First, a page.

Lindberg & Ripple Data Breach Investigation

Turke & Strauss LLP, a leading data breach law firm, is investigating Lindberg & Ripple regarding its recent data breach. The Lindberg & Ripple data breach involved sensitive personal identifiable information belonging to over 1,300 individuals.


Lindberg & Ripple is a wealth management and investment firm specializing in insurance and investment advising. Founded in 1982, Lindberg & Ripple markets itself as a third-generation advisory firm that offers wealth management, investment consulting, estate and retirement planning, insurance advisory services, and more. Accordingly, Lindberg & Ripple serves individuals, families, executives, and businesses. Headquartered in West Hartford, Connecticut, Lindberg & Ripple employs more than 25 individuals.


On December 14, 2021, Lindberg & Ripple discovered that it had experienced a data breach in which the sensitive personal identifiable information in its systems may have been accessed. Through its investigation, Lindberg & Ripple determined that an unknown actor may have accessed this sensitive information through two employee email accounts. Furthermore, Lindberg & Ripple concluded that the unknown actor had access to one email account between November 24 and December 14, 2021, and the other before April 18, 2021. On October 12, 2022, Lindberg & Ripple began notifying individuals whose information may have been impacted. The type of information exposed includes:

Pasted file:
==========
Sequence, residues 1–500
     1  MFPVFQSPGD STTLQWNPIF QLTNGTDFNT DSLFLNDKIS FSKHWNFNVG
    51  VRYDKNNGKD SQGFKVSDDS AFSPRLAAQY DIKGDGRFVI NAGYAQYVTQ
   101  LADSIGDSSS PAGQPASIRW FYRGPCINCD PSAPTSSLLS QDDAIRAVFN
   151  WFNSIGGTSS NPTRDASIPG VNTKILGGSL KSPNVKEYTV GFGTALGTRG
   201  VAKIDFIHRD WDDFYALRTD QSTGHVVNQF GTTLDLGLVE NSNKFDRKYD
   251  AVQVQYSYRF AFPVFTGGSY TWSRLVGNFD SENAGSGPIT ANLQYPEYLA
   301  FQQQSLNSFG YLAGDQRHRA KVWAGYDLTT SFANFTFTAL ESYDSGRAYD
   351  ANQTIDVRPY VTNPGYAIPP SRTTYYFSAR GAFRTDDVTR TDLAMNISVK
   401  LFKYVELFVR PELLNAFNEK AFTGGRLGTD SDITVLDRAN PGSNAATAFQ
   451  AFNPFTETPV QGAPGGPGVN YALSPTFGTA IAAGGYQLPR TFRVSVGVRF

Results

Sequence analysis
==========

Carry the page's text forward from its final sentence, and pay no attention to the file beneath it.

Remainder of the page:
• Name
  • Social Security number

If you received a breach notification letter from Lindberg & Ripple:

We would like to speak with you about your rights and potential legal remedies in response to this data breach. Please fill out the form, below, or contact us at (608) 237-1775 or

If you were impacted by the Lindberg & Ripple data breach, you may consider taking the following steps to protect your personal information.

  1. Carefully review the breach notice and retain a copy;
  2. Enroll in any free credit monitoring service provided by Lindberg & Ripple;
  3. Change passwords and security questions for online accounts;
  4. Regularly review account statements for signs of fraud or unauthorized activity;
  5. Monitor credit reports for signs of identity theft; and
  6. Contact a credit bureau(s) to request a temporary fraud alert.

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